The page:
This info is just slightly dated, but great advise nonetheless. It was adapted from "Front Range 2006 Precipitation," by Carl Wilson, Denver County Cooperative Extension, The Green Scene Newsletter (October 2006):
September was the eleventh month in a row with below normal precipitation in Denver and ended with precipitation for the year at 7.15 inches below normal, according to the National Weather Service. Normal precipitation through September is 13.21 inches.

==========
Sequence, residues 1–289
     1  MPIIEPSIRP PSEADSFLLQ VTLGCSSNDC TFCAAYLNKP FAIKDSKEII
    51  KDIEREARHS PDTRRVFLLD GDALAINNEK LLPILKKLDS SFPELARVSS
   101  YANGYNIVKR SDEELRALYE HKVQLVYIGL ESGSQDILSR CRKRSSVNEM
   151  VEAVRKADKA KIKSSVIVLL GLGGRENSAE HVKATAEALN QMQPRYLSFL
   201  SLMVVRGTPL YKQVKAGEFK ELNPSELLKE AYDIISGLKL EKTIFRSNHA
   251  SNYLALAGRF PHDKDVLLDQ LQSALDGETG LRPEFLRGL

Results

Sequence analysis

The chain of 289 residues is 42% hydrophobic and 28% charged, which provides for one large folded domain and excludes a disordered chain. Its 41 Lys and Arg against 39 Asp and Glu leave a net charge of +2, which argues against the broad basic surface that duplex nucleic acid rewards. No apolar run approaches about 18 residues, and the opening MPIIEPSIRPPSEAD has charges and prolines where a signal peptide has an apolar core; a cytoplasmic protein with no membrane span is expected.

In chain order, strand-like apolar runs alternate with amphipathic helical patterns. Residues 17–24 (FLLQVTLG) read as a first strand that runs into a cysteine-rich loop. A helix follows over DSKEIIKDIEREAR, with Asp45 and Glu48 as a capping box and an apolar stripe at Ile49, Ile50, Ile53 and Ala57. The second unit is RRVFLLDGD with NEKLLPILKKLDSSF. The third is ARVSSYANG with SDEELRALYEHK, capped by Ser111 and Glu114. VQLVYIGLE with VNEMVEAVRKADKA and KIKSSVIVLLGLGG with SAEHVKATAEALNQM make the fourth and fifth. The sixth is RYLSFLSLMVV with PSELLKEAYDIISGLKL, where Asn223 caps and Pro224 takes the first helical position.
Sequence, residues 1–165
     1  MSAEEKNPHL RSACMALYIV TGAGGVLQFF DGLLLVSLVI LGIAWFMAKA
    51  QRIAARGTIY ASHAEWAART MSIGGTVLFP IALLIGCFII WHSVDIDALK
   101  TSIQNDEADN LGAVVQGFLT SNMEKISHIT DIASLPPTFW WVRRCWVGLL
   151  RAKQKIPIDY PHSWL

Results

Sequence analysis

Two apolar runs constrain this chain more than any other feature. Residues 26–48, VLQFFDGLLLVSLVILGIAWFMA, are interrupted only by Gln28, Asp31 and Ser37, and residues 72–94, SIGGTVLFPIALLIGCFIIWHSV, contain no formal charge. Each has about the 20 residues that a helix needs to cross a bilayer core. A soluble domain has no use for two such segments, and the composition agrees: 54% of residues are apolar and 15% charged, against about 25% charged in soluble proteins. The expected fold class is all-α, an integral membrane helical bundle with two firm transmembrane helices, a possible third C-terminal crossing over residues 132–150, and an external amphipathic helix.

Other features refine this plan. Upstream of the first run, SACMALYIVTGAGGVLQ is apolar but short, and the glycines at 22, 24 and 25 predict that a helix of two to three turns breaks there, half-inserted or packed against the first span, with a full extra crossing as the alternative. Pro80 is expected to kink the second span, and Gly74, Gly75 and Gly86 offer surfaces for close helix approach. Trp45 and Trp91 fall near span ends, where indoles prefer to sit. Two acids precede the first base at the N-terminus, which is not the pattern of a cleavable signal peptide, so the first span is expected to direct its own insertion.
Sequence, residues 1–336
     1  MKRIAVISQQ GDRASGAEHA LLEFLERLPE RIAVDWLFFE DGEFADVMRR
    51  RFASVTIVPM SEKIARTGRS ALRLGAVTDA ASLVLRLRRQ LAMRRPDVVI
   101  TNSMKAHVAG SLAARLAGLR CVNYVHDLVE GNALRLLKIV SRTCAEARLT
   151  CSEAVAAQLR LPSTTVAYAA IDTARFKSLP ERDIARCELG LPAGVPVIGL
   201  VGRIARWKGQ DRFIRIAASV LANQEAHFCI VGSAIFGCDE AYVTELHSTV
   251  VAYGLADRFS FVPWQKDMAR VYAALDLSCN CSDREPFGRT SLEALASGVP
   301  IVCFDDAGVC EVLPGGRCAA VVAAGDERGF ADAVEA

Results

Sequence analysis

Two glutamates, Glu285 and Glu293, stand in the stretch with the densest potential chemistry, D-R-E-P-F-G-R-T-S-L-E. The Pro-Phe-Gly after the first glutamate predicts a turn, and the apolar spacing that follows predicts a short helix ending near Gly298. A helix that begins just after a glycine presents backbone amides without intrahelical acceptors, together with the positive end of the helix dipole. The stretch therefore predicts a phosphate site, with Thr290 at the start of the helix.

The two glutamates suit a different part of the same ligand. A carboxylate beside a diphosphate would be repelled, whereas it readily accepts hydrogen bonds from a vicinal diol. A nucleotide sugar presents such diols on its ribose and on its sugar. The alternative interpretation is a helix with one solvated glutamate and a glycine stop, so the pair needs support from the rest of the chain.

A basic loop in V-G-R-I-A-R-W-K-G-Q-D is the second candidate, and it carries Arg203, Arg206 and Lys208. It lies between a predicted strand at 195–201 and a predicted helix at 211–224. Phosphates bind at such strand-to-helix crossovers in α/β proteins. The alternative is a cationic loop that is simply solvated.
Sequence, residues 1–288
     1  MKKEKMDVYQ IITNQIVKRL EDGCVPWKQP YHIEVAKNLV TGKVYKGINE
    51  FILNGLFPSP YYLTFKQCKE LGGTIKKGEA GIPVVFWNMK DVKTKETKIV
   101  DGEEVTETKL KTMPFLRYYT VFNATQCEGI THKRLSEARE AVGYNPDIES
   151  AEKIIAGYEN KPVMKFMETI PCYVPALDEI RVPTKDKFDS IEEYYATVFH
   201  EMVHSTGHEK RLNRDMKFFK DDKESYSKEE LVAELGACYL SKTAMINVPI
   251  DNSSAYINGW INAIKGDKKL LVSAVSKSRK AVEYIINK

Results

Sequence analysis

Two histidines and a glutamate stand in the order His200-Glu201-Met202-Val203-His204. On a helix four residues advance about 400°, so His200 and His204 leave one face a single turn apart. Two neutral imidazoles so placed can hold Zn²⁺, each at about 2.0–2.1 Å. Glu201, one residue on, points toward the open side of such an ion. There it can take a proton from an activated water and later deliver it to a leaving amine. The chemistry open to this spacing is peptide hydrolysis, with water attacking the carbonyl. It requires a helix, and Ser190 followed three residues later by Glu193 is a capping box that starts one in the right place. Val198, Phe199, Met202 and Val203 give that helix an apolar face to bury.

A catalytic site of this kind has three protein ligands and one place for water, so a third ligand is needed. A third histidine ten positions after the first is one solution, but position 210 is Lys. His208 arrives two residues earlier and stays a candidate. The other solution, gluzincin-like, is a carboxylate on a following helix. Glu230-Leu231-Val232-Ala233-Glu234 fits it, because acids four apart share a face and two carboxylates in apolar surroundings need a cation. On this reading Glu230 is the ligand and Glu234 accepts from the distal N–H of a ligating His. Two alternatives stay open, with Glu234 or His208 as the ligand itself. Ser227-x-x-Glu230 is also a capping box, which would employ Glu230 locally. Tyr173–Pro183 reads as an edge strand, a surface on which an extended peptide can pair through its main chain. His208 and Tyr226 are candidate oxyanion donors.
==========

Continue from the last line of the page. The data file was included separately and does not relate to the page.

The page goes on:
What does this mean for plants?
- Plant roots require moisture throughout the growing season and in the case of perennials and woody plants, throughout the year. Don't be thrown off by local precipitation rates that may imply adequate moisture when totals may have been inflated by single events.
- Dig down and check that adequate moisture is present throughout the soil profile to an 8-12 inch depth.
- If moisture is not found, water the plants.
- Make sure that woody plants in particular enter the winter months with adequate moisture and that as winter progresses, plants are monitored and watered as needed.
- Pay special attention to recently installed plants and evergreens.
'Prairie Sky' switch grass (Panicum virgatum 'Prairie Sky')